Genetic Effects of High Fibre Strength Breeding Lines
in Crosses with Transgenic Bt Cotton Cultivars
Fei-Yu TANG, Wang-Cheng MO and Wen-Jun XIAO
Key Laboratory of Crop Physiology, Ecology and Genetic Breeding, College of Agronomy, Ministry of Education, Jiangxi Agricultural University, Nanchang, P.R. China
Tang F.-Y., Mo W.-C., Xiao W.-J. (2016): Genetic effects of high fibre strength breeding lines in crosses with trans-genic Bt cotton cultivars (Gossypium hirsutum L.). Czech J. Genet. Plant Breed., 52: 14–21.
Evaluation of genetic effects in cotton (Gossypium hirsutum L.) high fibre strength lines is necessary for the genetic improvement of fibre properties. Six breeding lines with high fibre strength and five transgenic Bt culti-vars were diallely crossed. Fibre properties and agronomic traits of 11 parents and resultant 30 F1 hybrids were analyzed by an additive-dominant model with genotype by environment interaction effects. Lint percentage, seed index, fibre length, strength and micronaire were primarily controlled by additive effects. Lint yield was mainly governed by dominance effects. Boll size was equally influenced by additive and dominance effects. A9-1 was a desirable general combiner for lint percentage, micronaire and fibre length. Yumian1 and Jinxing2 were good general combiners for fibre strength. Gk22 was a desirable general combiner for lint yield and boll size but poor for fibre length and strength. Some F1 hybrids were identified with favourable heterozygous dominant effects for lint yield and various fibre properties. This study revealed that current transgenic Bt cotton cultivars can be improved in fibre quality and lint yield by using some of the lines with high fibre strength in crosses with them.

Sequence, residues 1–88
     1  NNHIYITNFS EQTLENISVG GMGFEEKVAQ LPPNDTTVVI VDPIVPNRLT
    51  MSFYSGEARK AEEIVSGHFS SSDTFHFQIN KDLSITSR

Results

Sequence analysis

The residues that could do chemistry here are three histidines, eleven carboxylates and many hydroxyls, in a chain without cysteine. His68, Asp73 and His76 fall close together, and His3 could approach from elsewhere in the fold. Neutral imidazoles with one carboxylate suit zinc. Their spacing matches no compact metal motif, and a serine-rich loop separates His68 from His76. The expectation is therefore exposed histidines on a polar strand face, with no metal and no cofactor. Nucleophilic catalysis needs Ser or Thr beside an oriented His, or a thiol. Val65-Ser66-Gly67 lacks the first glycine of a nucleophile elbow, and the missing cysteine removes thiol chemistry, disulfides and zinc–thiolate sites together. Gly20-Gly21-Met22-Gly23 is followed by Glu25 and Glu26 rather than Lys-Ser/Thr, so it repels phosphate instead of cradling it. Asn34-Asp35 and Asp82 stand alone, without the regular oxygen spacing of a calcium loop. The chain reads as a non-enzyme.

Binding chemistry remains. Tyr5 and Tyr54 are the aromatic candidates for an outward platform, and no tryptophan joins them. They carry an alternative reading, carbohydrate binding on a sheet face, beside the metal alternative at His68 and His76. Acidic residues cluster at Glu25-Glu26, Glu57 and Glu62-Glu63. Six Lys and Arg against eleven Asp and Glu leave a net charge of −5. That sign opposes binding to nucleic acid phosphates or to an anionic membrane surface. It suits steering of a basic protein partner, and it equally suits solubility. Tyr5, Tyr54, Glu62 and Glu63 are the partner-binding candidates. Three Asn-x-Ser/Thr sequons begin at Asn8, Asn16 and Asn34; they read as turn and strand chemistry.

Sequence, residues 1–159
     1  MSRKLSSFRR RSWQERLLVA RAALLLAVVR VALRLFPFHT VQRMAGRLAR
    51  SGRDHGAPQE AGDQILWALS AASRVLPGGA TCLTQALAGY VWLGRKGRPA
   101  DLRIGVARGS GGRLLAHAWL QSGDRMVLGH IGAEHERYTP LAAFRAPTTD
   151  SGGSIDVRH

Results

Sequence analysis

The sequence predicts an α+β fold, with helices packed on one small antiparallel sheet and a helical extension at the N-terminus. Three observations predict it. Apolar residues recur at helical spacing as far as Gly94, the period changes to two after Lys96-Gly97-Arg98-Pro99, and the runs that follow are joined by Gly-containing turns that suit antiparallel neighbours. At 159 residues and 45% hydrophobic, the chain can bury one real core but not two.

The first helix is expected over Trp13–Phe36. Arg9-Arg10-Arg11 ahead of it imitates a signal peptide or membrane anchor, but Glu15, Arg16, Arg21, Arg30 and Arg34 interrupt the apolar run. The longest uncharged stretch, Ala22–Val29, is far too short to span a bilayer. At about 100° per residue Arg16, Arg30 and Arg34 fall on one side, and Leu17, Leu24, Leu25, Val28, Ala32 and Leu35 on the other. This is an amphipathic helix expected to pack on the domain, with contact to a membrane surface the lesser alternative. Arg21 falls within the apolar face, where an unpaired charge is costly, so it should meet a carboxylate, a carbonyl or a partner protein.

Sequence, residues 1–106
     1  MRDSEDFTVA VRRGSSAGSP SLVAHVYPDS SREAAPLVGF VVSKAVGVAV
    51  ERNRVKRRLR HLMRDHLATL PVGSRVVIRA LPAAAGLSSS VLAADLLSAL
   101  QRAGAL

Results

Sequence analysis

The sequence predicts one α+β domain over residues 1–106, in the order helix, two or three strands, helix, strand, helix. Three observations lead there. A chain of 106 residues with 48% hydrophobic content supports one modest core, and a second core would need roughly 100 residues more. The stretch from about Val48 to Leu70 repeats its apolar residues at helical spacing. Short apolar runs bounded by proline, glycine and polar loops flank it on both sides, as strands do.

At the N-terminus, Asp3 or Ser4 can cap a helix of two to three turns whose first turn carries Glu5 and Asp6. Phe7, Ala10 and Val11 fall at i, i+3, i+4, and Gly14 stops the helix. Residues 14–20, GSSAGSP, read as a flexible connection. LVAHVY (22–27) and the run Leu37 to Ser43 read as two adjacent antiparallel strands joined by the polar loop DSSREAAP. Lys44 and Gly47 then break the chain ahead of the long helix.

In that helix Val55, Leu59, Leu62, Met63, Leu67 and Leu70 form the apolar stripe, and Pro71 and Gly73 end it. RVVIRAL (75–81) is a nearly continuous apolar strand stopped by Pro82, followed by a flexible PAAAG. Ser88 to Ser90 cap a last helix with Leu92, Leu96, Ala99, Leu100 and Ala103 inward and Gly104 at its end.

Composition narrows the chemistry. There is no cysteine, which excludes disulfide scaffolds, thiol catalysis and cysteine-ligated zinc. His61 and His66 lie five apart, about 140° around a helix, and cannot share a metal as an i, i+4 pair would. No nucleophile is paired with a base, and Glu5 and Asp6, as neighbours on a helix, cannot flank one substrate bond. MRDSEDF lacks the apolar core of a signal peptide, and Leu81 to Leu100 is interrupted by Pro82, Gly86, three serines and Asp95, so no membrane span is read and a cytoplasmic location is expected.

Keywords: additive dominant model; fibre quality; heterosis; lint yield
Gossypium barbadense L.and Gossypium hirsu-tum L. (Upland) are two planted tetraploid species of cotton with the latter accounting for the majority of world production. Upland cotton has high lint productivity and broad adaptation, while G. bar-badense exhibits superior fibre properties of length, fineness, and strength. High lint yield is always given a top priority in breeding, to achieve a desirable profitability for cotton growers. Meanwhile, the rapid advances in spinning technology in textile industry require increasingly higher fibre quality for upland cotton. However, no upland cultivar shows the same fibre properties as modern G. barbadense cultivars. Developing high yielding upland cotton varieties with enhanced fibre quality is a primary breeding goal for most upland cotton breeding.
Diverse spinning technologies need diverse types of fibre to produce an optimal yarn. High strength
most widely cultivated cotton in China, accounting for 93% of the national production in 2014 (Science & Technology Daily 2015), but many Bt cotton cultivars have less desirable fibre properties (Liu et al. 2008). It is therefore important to explore ways to transfer superior fibre genes from high fibre strength lines to current transgenic Bt cotton cultivars. Our work is aimed at the development of breeding lines with high fibre strength. These lines bred by ourselves have acceptable agronomic performance. Their ge-netic combining ability with high yielding Bt cotton cultivars has not yet been investigated, but would be helpful for genetic improvement of fibre quality in transgenic Bt cotton.